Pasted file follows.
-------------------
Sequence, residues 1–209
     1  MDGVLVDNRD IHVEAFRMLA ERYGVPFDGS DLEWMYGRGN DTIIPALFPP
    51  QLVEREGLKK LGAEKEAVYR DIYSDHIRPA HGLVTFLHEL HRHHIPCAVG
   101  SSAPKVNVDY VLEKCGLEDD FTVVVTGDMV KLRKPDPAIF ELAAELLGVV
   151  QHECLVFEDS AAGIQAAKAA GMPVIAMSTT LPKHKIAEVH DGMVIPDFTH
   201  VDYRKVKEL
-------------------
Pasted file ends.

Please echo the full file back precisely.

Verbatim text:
Sequence, residues 1–209
     1  MDGVLVDNRD IHVEAFRMLA ERYGVPFDGS DLEWMYGRGN DTIIPALFPP
    51  QLVEREGLKK LGAEKEAVYR DIYSDHIRPA HGLVTFLHEL HRHHIPCAVG
   101  SSAPKVNVDY VLEKCGLEDD FTVVVTGDMV KLRKPDPAIF ELAAELLGVV
   151  QHECLVFEDS AAGIQAAKAA GMPVIAMSTT LPKHKIAEVH DGMVIPDFTH
   201  VDYRKVKEL